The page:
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Effect of cannabis use in people with chronic non-cancer pain prescribed opioids: findings from a 4-year prospective cohort study

Campbell, G, Hall, WD, Peacock, A, Lintzeris, N, Bruno, R ORCID: 0000-0001-6673-833X, Larance, B, Nielsen, S, Cohen, M, Chan, G, Mattick, RP, Blyth, F, Shanahan, M, Dobbins, T, Farrell, M and Degenhardt, L 2018 , 'Effect of cannabis use in people with chronic non-cancer pain prescribed opioids: findings from a 4-year prospective cohort study' , The Lancet Public Health, vol. 3, no. 7 , e341-e350 , doi:

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Background: Interest in the use of cannabis and cannabinoids to treat chronic non-cancer pain is increasing, becauseof their potential to reduce opioid dose requirements. We aimed to investigate cannabis use in people living withchronic non-cancer pain who had been prescribed opioids, including their reasons for use and perceivedeffectiveness of cannabis; associations between amount of cannabis use and pain, mental health, and opioid use;the effect of cannabis use on pain severity and interference over time; and potential opioid-sparing effects ofcannabis.Methods: The Pain and Opioids IN Treatment study is a prospective, national, observational cohort of people withchronic non-cancer pain prescribed opioids. Participants were recruited through community pharmacies acrossAustralia, completed baseline interviews, and were followed up with phone interviews or self-completequestionnaires yearly for 4 years. Recruitment took place from August 13, 2012, to April 8, 2014. Participants wereasked about lifetime and past year chronic pain conditions, duration of chronic non-cancer pain, pain self-efficacy,whether pain was neuropathic, lifetime and past 12-month cannabis use, number of days cannabis was used in thepast month, and current depression and generalised anxiety disorder. We also estimated daily oral morphineequivalent doses of opioids. We used logistic regression to investigate cross-sectional associations with frequency ofcannabis use, and lagged mixed-effects models to examine temporal associations between cannabis use andoutcomes.Findings: 1514 participants completed the baseline interview and were included in the study fromAug 20, 2012, to April 14, 2014. Cannabis use was common, and by 4-year follow-up, 295 (24%) participants hadused cannabis for pain. Interest in using cannabis for pain increased from 364 (33%) participants (at baseline) to723 (60%) participants (at 4 years). At 4-year follow-up, compared with people with no cannabis use, we found thatparticipants who used cannabis had a greater pain severity score (risk ratio 1·14, 95% CI 1·01–1·29, for lessfrequent cannabis use; and 1·17, 1·03–1·32, for daily or near-daily cannabis use), greater pain interference score(1·21, 1·09–1·35; and 1·14, 1·03–1·26), lower pain self-efficacy scores (0·97, 0·96–1·00; and 0·98, 0·96–1·00), andgreater generalised anxiety disorder severity scores (1·07, 1·03–1·12; and 1·10, 1·06–1·15). We found no evidenceof a temporal relationship between cannabis use and pain severity or pain interference, and no evidence thatcannabis use reduced prescribed opioid use or increased rates of opioid discontinuation.Interpretation: Cannabis use was common in people with chronic non-cancer pain who had been prescribed opioids,but we found no evidence that cannabis use improved patient outcomes. People who used cannabis had greater painand lower self-efficacy in managing pain, and there was no evidence that cannabis use reduced pain severity orinterference or exerted an opioid-sparing effect. As cannabis use for medicinal purposes increases globally, it isimportant that large well designed clinical trials, which include people with complex comorbidities, are conducted todetermine the efficacy of cannabis for chronic non-cancer pain.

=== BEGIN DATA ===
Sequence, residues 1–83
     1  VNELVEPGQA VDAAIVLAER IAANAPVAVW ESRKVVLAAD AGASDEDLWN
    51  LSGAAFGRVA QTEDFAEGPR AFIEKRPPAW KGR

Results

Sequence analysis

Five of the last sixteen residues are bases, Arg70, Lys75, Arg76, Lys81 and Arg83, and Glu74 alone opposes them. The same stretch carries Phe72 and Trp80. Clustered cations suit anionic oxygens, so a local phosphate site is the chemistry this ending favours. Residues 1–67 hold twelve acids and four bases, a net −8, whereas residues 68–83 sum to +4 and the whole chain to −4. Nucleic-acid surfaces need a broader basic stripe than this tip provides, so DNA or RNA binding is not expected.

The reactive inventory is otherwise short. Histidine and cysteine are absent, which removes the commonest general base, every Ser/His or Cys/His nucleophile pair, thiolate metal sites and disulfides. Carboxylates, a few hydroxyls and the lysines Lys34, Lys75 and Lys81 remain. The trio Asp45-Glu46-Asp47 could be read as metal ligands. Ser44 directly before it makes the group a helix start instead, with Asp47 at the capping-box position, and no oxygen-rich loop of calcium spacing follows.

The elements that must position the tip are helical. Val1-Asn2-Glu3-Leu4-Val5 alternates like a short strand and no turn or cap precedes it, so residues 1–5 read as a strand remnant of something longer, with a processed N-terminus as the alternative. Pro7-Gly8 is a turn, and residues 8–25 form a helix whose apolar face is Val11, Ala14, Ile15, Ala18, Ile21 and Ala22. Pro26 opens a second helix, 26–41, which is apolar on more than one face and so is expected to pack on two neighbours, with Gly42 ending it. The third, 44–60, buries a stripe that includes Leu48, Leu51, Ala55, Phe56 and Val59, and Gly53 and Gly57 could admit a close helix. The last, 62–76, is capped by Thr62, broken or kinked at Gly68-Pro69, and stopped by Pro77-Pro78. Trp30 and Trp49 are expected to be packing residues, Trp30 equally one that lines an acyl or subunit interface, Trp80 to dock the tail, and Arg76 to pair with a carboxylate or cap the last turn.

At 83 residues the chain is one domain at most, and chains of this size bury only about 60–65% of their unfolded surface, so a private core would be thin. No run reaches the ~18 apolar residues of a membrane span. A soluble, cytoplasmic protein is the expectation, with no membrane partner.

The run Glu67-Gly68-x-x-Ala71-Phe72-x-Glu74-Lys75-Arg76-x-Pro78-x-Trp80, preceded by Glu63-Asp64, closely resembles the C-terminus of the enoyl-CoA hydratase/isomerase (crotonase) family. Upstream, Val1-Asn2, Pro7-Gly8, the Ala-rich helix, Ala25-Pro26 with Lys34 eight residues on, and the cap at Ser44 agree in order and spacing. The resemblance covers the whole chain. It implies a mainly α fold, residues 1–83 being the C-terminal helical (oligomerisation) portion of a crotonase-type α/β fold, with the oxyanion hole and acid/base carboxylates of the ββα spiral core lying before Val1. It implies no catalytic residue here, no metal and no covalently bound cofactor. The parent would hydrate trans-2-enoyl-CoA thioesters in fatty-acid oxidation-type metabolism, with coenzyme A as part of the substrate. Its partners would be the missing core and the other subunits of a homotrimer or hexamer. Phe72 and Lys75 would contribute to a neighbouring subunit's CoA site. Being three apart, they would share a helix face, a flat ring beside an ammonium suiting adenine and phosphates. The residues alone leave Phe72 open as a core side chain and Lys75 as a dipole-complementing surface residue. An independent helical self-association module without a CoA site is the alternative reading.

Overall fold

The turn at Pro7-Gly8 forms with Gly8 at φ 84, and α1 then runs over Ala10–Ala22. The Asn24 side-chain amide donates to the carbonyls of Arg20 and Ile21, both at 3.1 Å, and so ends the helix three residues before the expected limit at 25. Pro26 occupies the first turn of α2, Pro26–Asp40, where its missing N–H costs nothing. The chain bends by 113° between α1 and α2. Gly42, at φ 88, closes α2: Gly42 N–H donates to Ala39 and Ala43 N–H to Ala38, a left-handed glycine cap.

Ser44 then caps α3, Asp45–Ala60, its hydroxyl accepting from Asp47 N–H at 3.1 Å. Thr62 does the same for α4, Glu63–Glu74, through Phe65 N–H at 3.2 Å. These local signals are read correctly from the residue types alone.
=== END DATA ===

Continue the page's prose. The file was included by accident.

Item Type: Article
Authors/Creators:Campbell, G and Hall, WD and Peacock, A and Lintzeris, N and Bruno, R and Larance, B and Nielsen, S and Cohen, M and Chan, G and Mattick, RP and Blyth, F and Shanahan, M and Dobbins, T and Farrell, M and Degenhardt, L
Journal or Publication Title: The Lancet Public Health
Publisher: Elsevier, Ltd.
ISSN: 2468-2667
DOI / ID Number:
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Copyright 2018 The Authors. Licensed under Creative Commons Attribution-NonCommercial-NoDerivatives 4.0 International (CC BY-NC-ND 4.0)

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